6 of the best small Danish islands (and how to visit them)

You may be surprised to learn that Denmark has over 400 islands, more than 300 of which are uninhabited.

Bornholm is one of Denmark's most popular holiday islands
Lilly M (CC)

Of course, many of these islands are little more than small specks of sand, which can only be reached by kayak or boat, but others are huge, such as Zealand, home to the country’s capital Copenhagen.

Most visitors stick to the bigger islands of Funen, North Jutland and Zealand, but there are also some great small islands worth visiting.

Until the last century when Denmark embarked on several huge bridge-building projects, many of these islands were accessible only by boat.

And that means that they developed their own distinctive culture, local traditions, rich history and cuisine.

Today, some can still only be reached via a network of ferries, making the journey there part of the fun. 

And we certainly think visiting an island or two is an essential part of any trip to Denmark. So we’ve picked our 6 favourite small islands where you can relax and enjoy the natural beauty and sense of tranquility. 



Although it belongs to Denmark, Bornholm is actually closer to Sweden and lies off Sweden’s southern coast. 

The island of Bornholm is Denmark has sea cliffs and rocky gorges.
Andreas Lippelt (CC)

Unlike most of Denmark, which is pretty flat, Bornholm has sea cliffs and rocky gorges making it a popular destination for climbers and hikers.

An 120km coast path runs around the entire island, or you can cut across the middle through one of Denmark’s largest forests on the 67km Højlyngsstien trail (Heather Path). 

Bornholm is also home to Europe’s largest castle ruins, the medieval Hammershus fort, on the island’s rocky northern shore.

The ruins are free to wander around, but look particularly impressive from the sea, so we usually suggest taking this fun electric boat trip around the headland for great views of the castle.

Bornholm is also known for its four white round churches, dating from the 11th–12th century. Unusually they were built from granite in order to withstand pirate attacks – hence they are still standing today!

A great way to get round the island and to see the churches is to rent a bike. We like this bike tour app which guides you on a 50km circuit taking in the churches, Hammershus, sandy beaches, pretty fishing villages and harbours, giving you fun facts and interesting history on the way.

Bornholm has a string tradition of arts and crafts, including sculpture, ceramics, glass-blowing, jewellery making, textiles and wood-working. In fact, the island is Europe’s first ever UNESCO-designated World Craft Region.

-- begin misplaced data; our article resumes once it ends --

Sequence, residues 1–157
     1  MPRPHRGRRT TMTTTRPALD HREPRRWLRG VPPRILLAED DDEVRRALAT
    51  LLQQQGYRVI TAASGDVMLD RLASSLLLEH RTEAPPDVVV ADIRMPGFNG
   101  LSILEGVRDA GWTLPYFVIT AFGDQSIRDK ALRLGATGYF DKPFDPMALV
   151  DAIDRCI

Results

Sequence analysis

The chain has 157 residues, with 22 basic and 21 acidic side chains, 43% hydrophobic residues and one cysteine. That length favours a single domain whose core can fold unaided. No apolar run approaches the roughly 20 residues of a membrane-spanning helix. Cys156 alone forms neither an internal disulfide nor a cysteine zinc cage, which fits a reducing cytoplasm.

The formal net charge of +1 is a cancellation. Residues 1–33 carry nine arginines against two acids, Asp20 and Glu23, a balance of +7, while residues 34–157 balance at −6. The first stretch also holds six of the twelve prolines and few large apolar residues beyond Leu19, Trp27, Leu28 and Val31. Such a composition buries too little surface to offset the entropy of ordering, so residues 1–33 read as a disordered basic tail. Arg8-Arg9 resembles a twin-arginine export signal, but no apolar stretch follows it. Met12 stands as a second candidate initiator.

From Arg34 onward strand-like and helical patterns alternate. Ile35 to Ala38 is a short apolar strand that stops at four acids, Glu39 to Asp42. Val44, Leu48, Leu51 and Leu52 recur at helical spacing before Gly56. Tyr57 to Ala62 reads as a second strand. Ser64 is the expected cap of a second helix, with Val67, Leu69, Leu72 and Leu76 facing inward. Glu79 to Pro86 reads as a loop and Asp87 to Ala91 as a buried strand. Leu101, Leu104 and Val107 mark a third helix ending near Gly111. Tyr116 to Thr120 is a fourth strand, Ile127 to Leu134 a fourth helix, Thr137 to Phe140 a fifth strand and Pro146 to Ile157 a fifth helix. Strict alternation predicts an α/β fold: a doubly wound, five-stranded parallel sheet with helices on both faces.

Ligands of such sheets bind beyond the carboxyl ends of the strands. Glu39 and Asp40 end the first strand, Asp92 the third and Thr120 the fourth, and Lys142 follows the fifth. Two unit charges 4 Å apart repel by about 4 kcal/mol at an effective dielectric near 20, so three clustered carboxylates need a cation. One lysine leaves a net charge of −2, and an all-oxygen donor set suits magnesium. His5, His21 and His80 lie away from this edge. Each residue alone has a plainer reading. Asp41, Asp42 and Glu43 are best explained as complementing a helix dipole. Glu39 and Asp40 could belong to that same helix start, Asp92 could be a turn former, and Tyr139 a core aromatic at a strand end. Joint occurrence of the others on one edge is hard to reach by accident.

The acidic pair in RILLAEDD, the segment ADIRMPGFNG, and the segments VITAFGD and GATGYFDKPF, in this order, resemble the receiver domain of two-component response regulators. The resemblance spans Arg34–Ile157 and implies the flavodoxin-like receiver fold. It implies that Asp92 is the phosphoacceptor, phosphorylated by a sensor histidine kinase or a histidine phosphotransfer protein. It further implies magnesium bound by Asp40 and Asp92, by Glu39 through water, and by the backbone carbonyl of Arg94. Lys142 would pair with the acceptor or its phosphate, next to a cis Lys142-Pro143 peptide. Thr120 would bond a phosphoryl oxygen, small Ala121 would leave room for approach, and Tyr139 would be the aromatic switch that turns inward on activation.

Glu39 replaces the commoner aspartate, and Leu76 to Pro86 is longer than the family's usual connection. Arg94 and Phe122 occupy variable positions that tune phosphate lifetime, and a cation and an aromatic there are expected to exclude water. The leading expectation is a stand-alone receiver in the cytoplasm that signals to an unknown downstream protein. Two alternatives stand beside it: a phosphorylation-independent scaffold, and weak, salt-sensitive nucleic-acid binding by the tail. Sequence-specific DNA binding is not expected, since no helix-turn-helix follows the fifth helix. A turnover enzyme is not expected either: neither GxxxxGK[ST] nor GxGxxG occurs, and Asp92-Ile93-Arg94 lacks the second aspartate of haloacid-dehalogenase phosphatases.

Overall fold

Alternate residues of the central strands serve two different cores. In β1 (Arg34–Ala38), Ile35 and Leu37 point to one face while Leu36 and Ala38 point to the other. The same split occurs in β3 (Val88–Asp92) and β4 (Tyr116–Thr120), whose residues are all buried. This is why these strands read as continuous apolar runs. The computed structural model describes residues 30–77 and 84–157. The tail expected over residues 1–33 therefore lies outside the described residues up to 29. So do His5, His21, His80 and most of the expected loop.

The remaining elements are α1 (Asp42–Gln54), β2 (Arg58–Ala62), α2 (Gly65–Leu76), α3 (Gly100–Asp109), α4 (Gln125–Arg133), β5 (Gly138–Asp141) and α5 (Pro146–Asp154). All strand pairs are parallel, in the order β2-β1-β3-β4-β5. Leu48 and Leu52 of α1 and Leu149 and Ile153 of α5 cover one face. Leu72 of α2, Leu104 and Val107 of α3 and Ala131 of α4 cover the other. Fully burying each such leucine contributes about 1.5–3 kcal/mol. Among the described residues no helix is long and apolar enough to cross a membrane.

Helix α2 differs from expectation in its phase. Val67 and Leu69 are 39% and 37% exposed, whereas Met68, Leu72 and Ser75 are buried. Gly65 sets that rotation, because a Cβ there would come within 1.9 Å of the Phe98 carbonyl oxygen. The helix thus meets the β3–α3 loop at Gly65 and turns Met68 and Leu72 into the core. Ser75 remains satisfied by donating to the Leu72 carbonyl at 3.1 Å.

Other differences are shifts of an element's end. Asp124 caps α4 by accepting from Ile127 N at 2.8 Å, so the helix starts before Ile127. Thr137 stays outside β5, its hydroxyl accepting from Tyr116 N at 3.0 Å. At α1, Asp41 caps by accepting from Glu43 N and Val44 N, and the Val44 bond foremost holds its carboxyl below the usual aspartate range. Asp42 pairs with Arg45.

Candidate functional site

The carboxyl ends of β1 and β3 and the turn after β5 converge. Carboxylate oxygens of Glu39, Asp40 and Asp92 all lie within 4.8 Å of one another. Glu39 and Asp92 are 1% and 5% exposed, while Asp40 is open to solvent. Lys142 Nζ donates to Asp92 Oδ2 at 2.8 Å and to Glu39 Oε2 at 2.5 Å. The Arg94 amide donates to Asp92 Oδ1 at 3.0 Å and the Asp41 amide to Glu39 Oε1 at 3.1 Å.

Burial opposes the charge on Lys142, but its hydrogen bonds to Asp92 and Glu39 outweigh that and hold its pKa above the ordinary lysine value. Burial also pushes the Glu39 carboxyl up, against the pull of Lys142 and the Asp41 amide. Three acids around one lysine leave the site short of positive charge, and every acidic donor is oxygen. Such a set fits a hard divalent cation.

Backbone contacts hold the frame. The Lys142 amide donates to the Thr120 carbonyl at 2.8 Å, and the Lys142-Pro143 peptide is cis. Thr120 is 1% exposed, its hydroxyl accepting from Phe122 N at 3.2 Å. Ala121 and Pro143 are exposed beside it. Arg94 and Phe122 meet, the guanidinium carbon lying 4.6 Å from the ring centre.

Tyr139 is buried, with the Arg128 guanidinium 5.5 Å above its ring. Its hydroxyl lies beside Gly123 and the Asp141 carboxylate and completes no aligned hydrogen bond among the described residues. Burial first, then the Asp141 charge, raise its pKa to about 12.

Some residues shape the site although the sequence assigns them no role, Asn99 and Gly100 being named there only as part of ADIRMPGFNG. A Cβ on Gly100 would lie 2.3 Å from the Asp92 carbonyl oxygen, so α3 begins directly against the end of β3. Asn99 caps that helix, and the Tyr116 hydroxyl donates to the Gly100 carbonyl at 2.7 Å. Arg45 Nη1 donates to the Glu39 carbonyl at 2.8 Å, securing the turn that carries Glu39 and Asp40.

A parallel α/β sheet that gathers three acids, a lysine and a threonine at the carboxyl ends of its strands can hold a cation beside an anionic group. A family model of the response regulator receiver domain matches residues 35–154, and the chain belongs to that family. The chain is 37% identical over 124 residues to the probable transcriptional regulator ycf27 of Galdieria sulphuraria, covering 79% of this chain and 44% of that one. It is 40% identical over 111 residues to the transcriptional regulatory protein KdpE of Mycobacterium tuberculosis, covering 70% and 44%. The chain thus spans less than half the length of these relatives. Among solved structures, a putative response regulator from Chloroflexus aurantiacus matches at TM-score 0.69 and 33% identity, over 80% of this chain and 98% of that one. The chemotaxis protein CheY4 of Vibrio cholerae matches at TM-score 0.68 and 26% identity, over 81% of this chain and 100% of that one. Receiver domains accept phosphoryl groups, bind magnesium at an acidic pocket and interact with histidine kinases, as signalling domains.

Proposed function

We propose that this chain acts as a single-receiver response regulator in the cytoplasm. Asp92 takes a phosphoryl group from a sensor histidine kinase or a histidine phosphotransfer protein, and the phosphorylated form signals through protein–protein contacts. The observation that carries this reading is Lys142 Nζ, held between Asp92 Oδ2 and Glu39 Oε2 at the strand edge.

Visit the Bornholm Art Museum to see work by local artists and learn about about the island’s artistic traditions.

Bornholm is a great place for foodies: there’s a Michelin-star restaurant, Kadeau, plus ten local smokehouses which sell cured and smoked herring.

Make sure you sample the island’s speciality sol over Gudhjem, a dish of smoked herring, raw egg and radish on rye bread.

Where to stay

There’s no shortage of places to stay on Bornholm whatever your budget. We like the Bådsted Camping close to the beach in Gudhjem, and the Hotel Blomme’s Place in the south of the island for those who prefer a little more luxury.

The rooms are stylishly decorated with their own terrace looking out onto a lovely garden, and there are free bikes for guests to use.

How to get there

It won’t surprise you learn that the quickest way to get to Bornholm is via Sweden.

Ferries take just 1 hour, 20 minutes to Rønne on Bornholm from the Swedish town of Ystad, which is just over an hour’s drive from Copenhagen via the Øresund bridge.

In summer, an overnight ferry runs from Køge, south of Copenhagen, leaving at 12.30am and arriving at 6am. And there’s also a ferry from Sassnitz on the German island of Rügen, which takes 3 hours, 30 minutes.

All the ferries are run by the Danish ferry company Bornholmslinjen.


In the South Funen Archipelago, Ærø (or Aero) is a pretty island with lush green fields, sandy beaches, colourful beach huts and a laid-back vibe. 

The Danish island of Aero has a pretty well-preserved old capital that's fun to wander around.
Helle Krog (CC)

Our favourite thing to do here is to wander around the cobbled streets lined with colourful townhouses in its well-preserved 18th-century capital Eroskobing.